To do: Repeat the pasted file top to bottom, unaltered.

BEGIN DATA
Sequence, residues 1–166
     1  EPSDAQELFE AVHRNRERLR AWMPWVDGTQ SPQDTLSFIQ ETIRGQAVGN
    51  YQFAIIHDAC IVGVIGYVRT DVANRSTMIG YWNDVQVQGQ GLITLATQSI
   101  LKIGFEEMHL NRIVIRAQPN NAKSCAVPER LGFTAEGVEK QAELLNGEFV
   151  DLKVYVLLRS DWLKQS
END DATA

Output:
Sequence, residues 1–166
     1  EPSDAQELFE AVHRNRERLR AWMPWVDGTQ SPQDTLSFIQ ETIRGQAVGN
    51  YQFAIIHDAC IVGVIGYVRT DVANRSTMIG YWNDVQVQGQ GLITLATQSI
   101  LKIGFEEMHL NRIVIRAQPN NAKSCAVPER LGFTAEGVEK QAELLNGEFV
   151  DLKVYVLLRS DWLKQS